Have a great day. Bob
  • Ken | 01 Dec 2015, 01:57 AM Agree 0
    You are legally incorrect . Dealer reps do not owe a fiduciary duty at all. They need only meet the very low suitability standard.IFIC oppose introduction of the fiduciary standard. Visit for the true state of affairs of advice in Canada.
  • Robert Roby | 01 Dec 2015, 11:19 AM Agree 0

    Legally you are correct morally is another story. All advisors should uphold the higher moral ground regardless of the minimum standards. That's all I have to say about this subject. Thank you for your comments.

  • Larry Elford | 01 Dec 2015, 08:33 PM Agree 0
    A typical mutual fund salesperson in Canada does not carry a) an advisor license or registration and b) a fiduciary duty (unless a half dozen special circumstances are met)

    Ken is correct according to my information. I do stand to be corrected, and I am happy to retract if provided with a bit more detail.
  • Robert Roby | 03 Dec 2015, 05:08 PM Agree 0

    As I said. We have a moral responsibility to uphold a fiduciary duty regardless of the current laws. Secondly, Ken's choice of words is very argumentative and unnecessary.
    This whole issue of fiduciary responsibility will be interesting. For example, if you sell index funds do you sell the advisor one or the fee based one.? If by chance the mutual fund outperforms the index fund have you failed your fiduciary duty. If you sold an ETF due to lower fees and the etf comes down by 50% but active managed fund came down by 29%, have you failed your fiduciary duty. If you work for IG or the bank and sell a proprietary fund that underperforms a competitors have you failed your fiduciary duty? The answer to this is yes. On the other hand are we not advising clients that past performance should not be a factor in determining future performance? Again yes. Therefore, to fulfill our fiduciary duty morally and soon legally( if the higher standard becomes law) why would past performance, which is simply rear view vision play into this? If you want to fulfill your fiduciary responsibility, it transcends the cheapest product. Its about providing professional services from financial planning to life staging to premium services and much more. One final thought...what about Vanguard ETF's...?? They have the lowest MER's thus they should be all advisors choice..or should they? Morally yes. Legally no. Or how about individual stocks thru a robo advisor? Or how about advising clients to buy thru a robo advisor for products and then charging clients for the services they use? My point is, is that we all have a fiduciary responsibility to our clients regardless of the law. One more thing. How does an advisor who only sells mutual funds fulfill a fiduciary responsibility? Doing what's best for the client seems to me having all products available be it stocks, bonds, mutual funds, alternative investments, private wealth just to mention a few. All of this will be very interesting and will root out those who sell funds from the confines of their basements next to the kitty litter and others, including those who have quotas and selling targets relative to commissions earned and so forth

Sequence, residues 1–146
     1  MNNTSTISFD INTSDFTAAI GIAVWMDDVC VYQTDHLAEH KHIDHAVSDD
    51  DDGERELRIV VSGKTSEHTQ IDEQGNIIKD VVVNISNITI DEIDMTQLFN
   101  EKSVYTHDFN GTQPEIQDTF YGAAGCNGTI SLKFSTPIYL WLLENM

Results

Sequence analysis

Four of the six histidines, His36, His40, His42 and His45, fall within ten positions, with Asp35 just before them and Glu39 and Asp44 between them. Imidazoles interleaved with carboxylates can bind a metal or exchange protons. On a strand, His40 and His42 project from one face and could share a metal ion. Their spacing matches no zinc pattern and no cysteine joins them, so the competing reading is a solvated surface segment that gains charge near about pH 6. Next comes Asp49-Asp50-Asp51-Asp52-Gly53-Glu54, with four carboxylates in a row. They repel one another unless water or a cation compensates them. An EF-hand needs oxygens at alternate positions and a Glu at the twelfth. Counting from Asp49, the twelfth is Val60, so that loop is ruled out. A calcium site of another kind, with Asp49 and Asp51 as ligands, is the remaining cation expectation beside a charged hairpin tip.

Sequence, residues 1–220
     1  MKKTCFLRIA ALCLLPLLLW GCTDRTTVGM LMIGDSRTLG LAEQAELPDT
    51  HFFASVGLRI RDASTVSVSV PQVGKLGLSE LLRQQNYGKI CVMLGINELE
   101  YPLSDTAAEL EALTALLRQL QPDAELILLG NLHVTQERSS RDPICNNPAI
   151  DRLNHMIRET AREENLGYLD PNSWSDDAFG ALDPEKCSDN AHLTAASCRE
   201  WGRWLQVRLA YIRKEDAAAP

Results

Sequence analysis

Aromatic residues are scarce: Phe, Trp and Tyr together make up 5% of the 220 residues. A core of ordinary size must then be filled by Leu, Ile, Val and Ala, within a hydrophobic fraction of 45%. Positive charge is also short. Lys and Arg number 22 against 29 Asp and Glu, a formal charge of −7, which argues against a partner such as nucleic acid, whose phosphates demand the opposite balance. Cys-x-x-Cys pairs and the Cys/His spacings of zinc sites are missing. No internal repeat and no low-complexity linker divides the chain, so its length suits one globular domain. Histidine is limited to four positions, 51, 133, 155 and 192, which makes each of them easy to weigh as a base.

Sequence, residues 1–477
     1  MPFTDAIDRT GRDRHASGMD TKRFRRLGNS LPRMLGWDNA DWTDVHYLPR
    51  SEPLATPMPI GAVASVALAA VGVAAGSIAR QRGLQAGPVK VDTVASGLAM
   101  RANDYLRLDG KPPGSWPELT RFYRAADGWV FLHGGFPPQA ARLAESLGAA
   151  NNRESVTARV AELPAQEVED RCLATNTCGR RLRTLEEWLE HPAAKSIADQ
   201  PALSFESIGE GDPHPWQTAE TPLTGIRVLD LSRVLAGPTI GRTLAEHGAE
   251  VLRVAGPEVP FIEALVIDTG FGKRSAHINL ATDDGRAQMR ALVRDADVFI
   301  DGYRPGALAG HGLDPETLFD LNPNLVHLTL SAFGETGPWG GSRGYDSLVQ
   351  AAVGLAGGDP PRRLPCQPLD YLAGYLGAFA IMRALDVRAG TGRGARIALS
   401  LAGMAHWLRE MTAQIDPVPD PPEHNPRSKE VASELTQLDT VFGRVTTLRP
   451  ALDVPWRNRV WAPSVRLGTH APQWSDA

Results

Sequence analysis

PS: Ken, for your info on how we run our practice please see page 22 on the most recent issue of WP magazine which came out a few days ago. This is what clients pay me for.


    Bob Roby
  • Ken | 04 Dec 2015, 04:00 PM Agree 0
    Quite right. Fiduciary duty is not product focussed ; it is focussed on the client. Sales incentives play no role in the recommendations made.
  • Winston Cundhill | 07 Dec 2015, 12:39 PM Agree 0
    Arthur Salzer is simply wrong. Active managers and / or manager pickers like himself are losing clients because the clients are becoming more informed about the very low probability of active managers beating a proper risk adjusted benchmark or adding any value.